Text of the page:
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Friday, December 13, 2019

Disneyland Hasn’t Always Been The Happiest Place On Earth, by Richard Snow, Literary Hub

Joyce Bellinger, who had been hired ten days earlier to work aboard the Mark Twain, said of opening day, “I always remember that I was out there the night before. It was really a mess, you know. There was paint all over, and tools, and drop cloths. The windows were still covered with paint. Everybody was running around. And there were knives and hammers. The ticket booth for the Mark Twain wasn’t even half finished. And we thought, “My gosh! How are they going to be able to open it for the press and all the celebrities and everybody who’s going to be here the following day?” So we came back the next morning, and it just sparkled. Everything was clean and beautiful, and it looked just simply great.”

But she got there at eight in the morning. Most of the guests that day would have agreed with C. V. Wood: “It was a madhouse!”

How Pottering About In The Garden Creates A Time Warp, by Harriet Gross, Aeon

Gardeners usually say that time in the garden is shorter than it actually is; that planned hour simply slips away. The beginning and end of gardening depends on the tasks that day, or physical limitations such as darkness falling. In the process, time passes from objective clock time to subjective or nature’s time. Tasks such as weeding or checking on progress are neverending; mowing the grass is episodic – it happens regularly, but each time the task is finite. Natural time relies on sunrise and sunset, and seasons, determined by something beyond ourselves. It is measured by the time it takes for seeds to germinate and become carrots or cornflowers, or the arrival of favourite birds. Working with nature’s time disconnects me and other gardeners from externally imposed rhythms of activity punctuated by events such as commuting, meetings or meals.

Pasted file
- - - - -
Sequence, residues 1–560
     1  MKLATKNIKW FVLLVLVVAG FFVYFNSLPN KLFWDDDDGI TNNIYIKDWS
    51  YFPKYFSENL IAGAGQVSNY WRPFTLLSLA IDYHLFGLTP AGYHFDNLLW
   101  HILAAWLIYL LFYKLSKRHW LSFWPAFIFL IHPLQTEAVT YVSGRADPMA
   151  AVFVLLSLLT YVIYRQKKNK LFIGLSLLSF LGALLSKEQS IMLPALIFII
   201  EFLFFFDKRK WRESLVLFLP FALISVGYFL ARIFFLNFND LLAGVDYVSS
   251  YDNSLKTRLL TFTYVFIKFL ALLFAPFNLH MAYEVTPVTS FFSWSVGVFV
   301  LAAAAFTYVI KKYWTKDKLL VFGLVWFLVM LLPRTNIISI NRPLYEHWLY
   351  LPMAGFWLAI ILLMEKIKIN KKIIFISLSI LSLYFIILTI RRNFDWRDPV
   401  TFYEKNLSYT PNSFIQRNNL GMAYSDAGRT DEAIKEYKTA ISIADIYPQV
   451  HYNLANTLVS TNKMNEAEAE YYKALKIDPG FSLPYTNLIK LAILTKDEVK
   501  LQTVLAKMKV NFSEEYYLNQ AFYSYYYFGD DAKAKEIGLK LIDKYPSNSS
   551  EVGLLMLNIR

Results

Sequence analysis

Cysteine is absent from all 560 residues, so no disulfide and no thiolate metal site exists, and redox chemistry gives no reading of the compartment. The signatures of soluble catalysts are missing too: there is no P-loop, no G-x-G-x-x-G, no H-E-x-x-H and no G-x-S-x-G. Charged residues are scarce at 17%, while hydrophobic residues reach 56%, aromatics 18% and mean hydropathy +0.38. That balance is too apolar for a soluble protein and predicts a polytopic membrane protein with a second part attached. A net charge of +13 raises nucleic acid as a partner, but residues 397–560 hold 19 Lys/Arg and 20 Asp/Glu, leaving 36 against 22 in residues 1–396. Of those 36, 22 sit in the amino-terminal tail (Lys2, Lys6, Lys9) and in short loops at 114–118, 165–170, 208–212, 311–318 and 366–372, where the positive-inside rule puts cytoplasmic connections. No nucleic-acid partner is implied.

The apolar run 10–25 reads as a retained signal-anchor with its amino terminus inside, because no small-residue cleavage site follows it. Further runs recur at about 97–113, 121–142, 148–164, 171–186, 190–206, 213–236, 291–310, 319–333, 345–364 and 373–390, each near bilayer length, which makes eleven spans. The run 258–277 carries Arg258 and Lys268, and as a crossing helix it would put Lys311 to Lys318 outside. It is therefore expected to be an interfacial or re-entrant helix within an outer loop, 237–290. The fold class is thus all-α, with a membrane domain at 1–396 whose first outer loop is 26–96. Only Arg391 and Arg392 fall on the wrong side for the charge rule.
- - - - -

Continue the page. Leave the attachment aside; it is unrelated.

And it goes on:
Truth And Lies In Elena Ferrante’s Incidental Inventions, by Rachael Nevins, Ploughshares

Fiction is, of course, by definition an “unreal thing,” but by emphasizing the “incidental” nature of her (nonfictional) columns, Ferrante suggests that whatever truths she arrives at in them are just as “unreal” as the truths arrived at in fiction. In the column “The False and the True,” she explains that indeed, she “can’t trace a line of separation between fiction and nonfiction.”

Her Francophilia Saved Her From The Death Camps, But Not From Great Danger, by Lauren Elkin, New York Times

“A Bookshop in Berlin” is her account of her life there, and then of her flight to safety — from Germany through France to Switzerland — in the early years of World War II. Originally published in 1945, it was rediscovered in a jumble sale in Nice in 2010 and republished in France in 2015 with a beautiful preface by Patrick Modiano. Stephanie Smee’s English translation captures the storytelling cadences of the original French, which is touching, considering that Frenkel would have acquired them through her own deep reading of French literature and the devoted friendships she formed in France. Her affinity with that country would save her life on more than one occasion.

Cathexis, by Rae Armantrout, New York Review of Books

When we say the world is haunted
we mean untranslated
as yet.